You are a goddamn wizard and I have no clue why you didn't have more confidence before. Many thanks for preserving the original walkthrough and description for posterity's sake, you brilliant madman.

Andres, this masterpiece took things to a whole other level of brilliance that I didn't even know existed. The immersive environments, challenging questions, and tense boss fight all served to make this epic an absolute blast. This game is hardcore. This game put my coding knowledge to the test and made learning an incredibly fun experience. THANK YOU SO MUCH.

Cool idea and exploration, but I'm sorry to be the bearer of bad news and tell you that Soundvoyager, Blindscape and Real Sound: Kaze no Regret all did this first...

Or there are the people who look vaguely like Deltarune characters. I did see that line though.


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I know that a massive number of people are going to say this, but thank you so much for making your games. Dweller's Empty Path brought back the kind of uplifting hope-punk vibe that made Undertale so revolutionary and fascinating when it came out, and seeing people like you and Toby be so unafraid to express yourselves openly in your games is truly an inspiration to us all. This sense of "heart", as Toby put it, is such a great thing to see in a world where art (and even the indie game sector) is becoming incredibly cynical and reserved. Call me a hypocrite (I mean, my games are really dark and weird), but it's just really nice to see creative development executed this joyfully. This kind of escape in game form is rare now to say the least, and the hard work you put into both of your games really shows.

Like a lot of game developers, I think you're a little tough on yourself. Yoshiro Kimura and Demensa seem to be the same way. Don't be afraid of disappointing anyone. Don't be afraid of tackling dark themes in good taste. Don't be afraid of being yourself. Too many people are, and it destroys them.

Sorry for the long comment, just wanted to put all that out there.

Now I feel kind of stupid for not seeing the path...


Dweller's Empty Path community · Created a new topic Stuck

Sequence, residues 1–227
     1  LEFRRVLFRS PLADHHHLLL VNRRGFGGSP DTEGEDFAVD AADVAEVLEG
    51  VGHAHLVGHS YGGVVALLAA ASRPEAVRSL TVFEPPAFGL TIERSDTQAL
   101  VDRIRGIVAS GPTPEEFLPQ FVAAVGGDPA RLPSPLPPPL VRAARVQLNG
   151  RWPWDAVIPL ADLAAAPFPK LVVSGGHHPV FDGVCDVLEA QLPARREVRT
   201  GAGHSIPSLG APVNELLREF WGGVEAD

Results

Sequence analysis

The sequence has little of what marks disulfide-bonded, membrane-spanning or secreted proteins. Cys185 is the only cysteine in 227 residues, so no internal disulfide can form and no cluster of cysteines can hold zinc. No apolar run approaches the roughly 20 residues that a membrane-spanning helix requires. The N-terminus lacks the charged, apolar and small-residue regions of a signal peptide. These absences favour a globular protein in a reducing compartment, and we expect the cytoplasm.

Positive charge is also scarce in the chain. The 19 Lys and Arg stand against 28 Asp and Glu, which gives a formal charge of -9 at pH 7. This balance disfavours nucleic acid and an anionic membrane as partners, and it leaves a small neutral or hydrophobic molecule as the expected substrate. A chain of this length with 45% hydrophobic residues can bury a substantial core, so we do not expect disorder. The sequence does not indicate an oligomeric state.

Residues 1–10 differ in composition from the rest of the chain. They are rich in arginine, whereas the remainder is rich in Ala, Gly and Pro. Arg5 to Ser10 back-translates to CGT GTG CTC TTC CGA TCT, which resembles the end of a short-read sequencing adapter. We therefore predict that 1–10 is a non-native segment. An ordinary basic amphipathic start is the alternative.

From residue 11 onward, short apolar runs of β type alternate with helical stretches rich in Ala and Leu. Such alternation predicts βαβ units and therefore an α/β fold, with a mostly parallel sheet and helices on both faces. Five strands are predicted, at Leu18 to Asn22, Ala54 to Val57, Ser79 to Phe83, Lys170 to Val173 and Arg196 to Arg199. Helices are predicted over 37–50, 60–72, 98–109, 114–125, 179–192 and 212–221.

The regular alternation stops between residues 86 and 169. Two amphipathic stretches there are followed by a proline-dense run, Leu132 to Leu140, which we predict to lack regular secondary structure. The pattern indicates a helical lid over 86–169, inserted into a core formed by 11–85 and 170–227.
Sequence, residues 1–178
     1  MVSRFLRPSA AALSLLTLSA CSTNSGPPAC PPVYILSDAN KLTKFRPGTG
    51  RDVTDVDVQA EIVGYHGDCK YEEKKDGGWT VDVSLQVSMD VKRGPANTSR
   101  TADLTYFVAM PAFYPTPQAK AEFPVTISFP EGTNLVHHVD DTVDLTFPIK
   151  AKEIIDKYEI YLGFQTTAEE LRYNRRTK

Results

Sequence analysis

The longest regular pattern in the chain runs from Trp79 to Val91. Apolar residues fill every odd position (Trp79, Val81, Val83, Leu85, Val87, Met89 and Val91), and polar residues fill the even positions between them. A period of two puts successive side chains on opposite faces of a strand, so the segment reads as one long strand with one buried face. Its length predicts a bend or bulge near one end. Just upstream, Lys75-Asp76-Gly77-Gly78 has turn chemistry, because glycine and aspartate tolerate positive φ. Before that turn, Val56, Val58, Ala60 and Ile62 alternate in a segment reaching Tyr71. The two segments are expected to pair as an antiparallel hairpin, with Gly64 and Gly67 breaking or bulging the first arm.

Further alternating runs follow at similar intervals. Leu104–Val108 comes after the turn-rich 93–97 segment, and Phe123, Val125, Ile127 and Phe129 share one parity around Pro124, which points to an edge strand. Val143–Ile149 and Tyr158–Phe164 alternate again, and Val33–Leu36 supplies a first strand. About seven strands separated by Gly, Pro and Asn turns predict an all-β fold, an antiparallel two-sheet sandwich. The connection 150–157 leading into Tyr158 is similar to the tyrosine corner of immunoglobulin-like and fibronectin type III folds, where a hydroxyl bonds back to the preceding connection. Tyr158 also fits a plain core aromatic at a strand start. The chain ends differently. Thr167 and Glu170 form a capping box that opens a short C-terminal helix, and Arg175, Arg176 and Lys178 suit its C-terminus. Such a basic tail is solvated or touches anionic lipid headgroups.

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I got through most of the game and went up to the hint bird, and it said that I should "check on the wolf girl near the cliffs". I talked to the scavenger demon thing near Yoki's house and to the people lost in the woods, and I couldn't find any other cliffs. What am I doing wrong?

Also, there are a few typos, by the way. The wind crystal is said to "omit" light rather than emit it and Yoki says "you're" instead of "your" on one of the occasions where she meets Zera (if my awful memory serves me correctly, it's in the Dark Lord's Domain). Also, the dragon says "existence" with an "a" instead of the second "e".

Glad to see you liked it!

OK, here's a link:

Engine, or RPGMaker game? My favorite engine is either this or Game Maker, and my favorite RPGMaker game is either the Training Cave or OFF.

Andres, this game took the edutainment experience to a whole new level. The clever use of the card system kept me coming back for multiple playthroughs! I eventually got ALL 5 CARDS!!! Was this game insipired by the mechanic in Deadly Premonition where you can fish for cards? It's a great new set of mechanics that makes the learning all the more enthralling!


Andres, is there nothing you can't do?

You have no idea how hyped I am for the rest of the Computer Science vs. Morgas Noss Saga!!!!!! These games are the best!!!!!!!!!

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Hello all. I'm another one of those thousands of itch users who's uploading stuff. I've been making games in Java since I started learning how to a couple of years ago, and here I am now. Itch says I can only recommend one project, so I'm just going to ask what anyone might think of Aeruhbiss, my latest major game project. I have something new in the works, but it won't be out for a good long while, and I hope that someone gets something out of at least one of my existing games. I think it's best to be brief here and not waste too much of people's time waxing poetic about game development.

Oh, and since they're all JARs, you'll need Java to run them.

Thanks much,


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Andres does it again!!!!!!!!